What can I expect to pay for running a gas line for the dryer when the
meter is right on the other side of the [garage] wall where the dryer
will be? Literally, the dryver will be less than three feet from it.
The estimates I got range from $600 to $300 which just sounds
From a legitimate contractor that is insured just in case?
About $450..I wont touch something like this for less, and the reason why? I
will be there for about 2 hours...2 X $150 = 300. Parts: T for gas line,
prob 1 X 1 X 1/2, $1, Nipple for flex fitting, 50 cents, SST fitting, $14 X
2= 24, Up to 10 feet of SST, $100, PVC and sealant for gas line into home,
about $5. Permits, $50 (yes, we have to pull permits here for this, and for
damn good reason.) There is $475 and we have not gotten to the secondary
regulator, about $85, and the approved gas line valve for shut off, another
$10. $570 now...
The labor costs include things like, fuel to get there, get your parts, pull
your permits, time, insurance, wear and tear on vehicle, gas line thread
sealants, workers comp, vehicle insurance, advertising, and all overhead
costs to stay in biz.
Depending on the attitude you give the guy when he gets there and starts
talking price, your quote may vary. It could be less, or it could be more.
Yup...what used to be real fun was bouncing off all those overseas
servers....looked like you were posting from Afganistan..(not really..LOL)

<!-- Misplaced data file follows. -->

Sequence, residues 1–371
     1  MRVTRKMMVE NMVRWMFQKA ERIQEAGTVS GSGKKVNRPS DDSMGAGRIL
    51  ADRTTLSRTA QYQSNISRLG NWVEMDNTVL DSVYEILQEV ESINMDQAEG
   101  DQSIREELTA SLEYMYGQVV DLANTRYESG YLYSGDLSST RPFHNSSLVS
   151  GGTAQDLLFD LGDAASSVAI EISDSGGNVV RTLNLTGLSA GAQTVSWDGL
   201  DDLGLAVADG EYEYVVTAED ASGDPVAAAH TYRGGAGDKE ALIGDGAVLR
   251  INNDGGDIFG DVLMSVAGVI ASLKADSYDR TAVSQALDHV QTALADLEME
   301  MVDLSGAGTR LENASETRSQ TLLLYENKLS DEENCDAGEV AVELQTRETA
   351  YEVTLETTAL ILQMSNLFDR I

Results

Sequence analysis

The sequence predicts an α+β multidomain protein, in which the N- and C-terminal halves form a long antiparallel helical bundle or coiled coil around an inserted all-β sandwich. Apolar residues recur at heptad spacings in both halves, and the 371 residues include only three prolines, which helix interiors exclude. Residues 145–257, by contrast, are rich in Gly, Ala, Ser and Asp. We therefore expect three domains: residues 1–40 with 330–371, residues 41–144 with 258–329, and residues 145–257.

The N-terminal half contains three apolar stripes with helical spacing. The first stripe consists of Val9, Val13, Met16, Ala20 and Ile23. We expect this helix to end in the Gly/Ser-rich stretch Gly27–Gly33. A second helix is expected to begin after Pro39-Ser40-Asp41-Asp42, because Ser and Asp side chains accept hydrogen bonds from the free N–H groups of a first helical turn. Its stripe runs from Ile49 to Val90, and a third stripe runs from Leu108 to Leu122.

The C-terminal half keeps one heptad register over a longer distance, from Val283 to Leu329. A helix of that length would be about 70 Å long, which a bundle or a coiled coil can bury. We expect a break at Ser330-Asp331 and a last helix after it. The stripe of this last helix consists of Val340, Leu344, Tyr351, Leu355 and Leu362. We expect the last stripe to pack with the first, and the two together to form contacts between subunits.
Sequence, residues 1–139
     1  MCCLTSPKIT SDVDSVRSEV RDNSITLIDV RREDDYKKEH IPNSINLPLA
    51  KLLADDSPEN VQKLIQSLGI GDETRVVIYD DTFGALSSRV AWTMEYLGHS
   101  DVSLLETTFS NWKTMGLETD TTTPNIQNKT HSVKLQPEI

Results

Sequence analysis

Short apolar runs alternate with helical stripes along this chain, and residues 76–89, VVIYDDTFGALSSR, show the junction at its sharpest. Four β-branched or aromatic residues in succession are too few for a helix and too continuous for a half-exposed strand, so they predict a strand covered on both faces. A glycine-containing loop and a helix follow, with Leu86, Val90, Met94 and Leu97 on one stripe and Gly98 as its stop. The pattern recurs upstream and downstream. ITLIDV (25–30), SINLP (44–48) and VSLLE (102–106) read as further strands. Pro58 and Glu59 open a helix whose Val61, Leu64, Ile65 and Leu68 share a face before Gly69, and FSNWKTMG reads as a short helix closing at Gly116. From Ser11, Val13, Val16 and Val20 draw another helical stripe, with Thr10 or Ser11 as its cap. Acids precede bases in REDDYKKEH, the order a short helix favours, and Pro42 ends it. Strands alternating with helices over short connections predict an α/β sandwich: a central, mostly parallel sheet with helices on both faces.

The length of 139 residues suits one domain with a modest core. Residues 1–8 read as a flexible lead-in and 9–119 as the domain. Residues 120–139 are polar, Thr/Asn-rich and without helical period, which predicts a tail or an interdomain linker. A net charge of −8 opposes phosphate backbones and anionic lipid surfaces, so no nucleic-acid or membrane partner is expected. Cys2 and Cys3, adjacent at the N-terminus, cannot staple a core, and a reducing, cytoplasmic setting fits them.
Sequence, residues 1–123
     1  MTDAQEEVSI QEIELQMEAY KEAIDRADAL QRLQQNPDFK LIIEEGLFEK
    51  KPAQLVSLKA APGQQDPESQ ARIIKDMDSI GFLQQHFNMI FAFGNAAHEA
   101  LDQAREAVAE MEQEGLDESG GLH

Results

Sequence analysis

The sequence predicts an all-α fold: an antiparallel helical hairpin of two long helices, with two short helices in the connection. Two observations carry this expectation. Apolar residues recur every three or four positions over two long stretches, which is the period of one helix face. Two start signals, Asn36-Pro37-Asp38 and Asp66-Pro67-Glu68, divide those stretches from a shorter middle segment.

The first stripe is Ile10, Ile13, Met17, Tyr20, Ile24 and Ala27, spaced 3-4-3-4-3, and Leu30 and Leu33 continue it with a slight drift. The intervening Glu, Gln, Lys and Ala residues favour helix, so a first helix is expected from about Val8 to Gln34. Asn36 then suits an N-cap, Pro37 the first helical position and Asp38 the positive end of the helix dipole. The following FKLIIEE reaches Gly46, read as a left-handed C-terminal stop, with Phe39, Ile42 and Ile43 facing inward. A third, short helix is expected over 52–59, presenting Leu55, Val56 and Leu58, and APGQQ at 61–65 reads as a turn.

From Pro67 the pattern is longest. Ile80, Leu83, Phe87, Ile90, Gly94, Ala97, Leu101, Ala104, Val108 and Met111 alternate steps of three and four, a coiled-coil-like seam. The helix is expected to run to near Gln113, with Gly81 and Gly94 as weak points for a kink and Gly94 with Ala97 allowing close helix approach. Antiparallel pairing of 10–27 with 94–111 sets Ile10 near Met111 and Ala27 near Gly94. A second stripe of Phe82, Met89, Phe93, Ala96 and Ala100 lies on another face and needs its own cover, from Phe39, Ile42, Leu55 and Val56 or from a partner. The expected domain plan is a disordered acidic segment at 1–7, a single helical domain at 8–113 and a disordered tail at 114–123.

Course...this entire thing brings back memories of that guy in NYC.....
How can it be ridiculous if that is what the estimates are? I knew someone
who took his house off the market after a year because no one would offer
what it was worth. Same concept.
Learn to do it yourself; its not brain surgery.
C'mon. You turn off the gas. You tap into the line downstream from the
shutoff. You run some black pipe. Add a couple of shutoff nineties, and a
union, and you got it. I did the same thing at my house, and only paid for
parts. Ace or HD will cut the pipes and thread them for you if you need
anything other than standard lengths.
Pay attention to details, make your joints up tight, test with soapy water.
You probably can do it for less than $100. It ain't rocket science, but you
will be betting your house on it. DO IT RIGHT.
I get aggravated when someone who is driving a 25 year old beater truck, who
needs a new pair of shoes, and some toothpaste wants $600 for a job that
will take $100 in materials and two hours labor.
CAVEAT: With all work, if you don't think you can do it, call a pro.
That is the most common sense I had seen here so far. If you have common
sense and watch some guy with the "truck" do some stuff for you, for 5 times
what the work is worth, you'll be kicking yourself in the shin.
Indeed there is a lot of that stealing going on. Alarming.
Thanks for the words of clarity on this.
In most places you do. It may be possible to run the line and have the
licensed plumber do the tie in tot he existing line. You may also have to
apply for a permit and have it inspected.
In the past, I've done it myself. I know hot to do piping so it was not a
big deal for me. If you have no idea what end of a wrench to hold, you are
better off calling a pro.
As do I. Throwing money away is not the way to do it. If people want
to get more jobs running gas lines, maybe they better charge something
more commiserate with the job, or they can lose money by people like
myself coming here to say "what gives?" finding out it's a DIY'er, and
doing it myself. Now your guy who "needs to make a living" gets no
money at all, instead of a fair price.
That's just how I see it. If they'd said it'll be $150 (for example),
I'd say "do it." For $300 and up, I start looking elsewhere. The dryer
costs that much!
Thanks to everyone for the advice.
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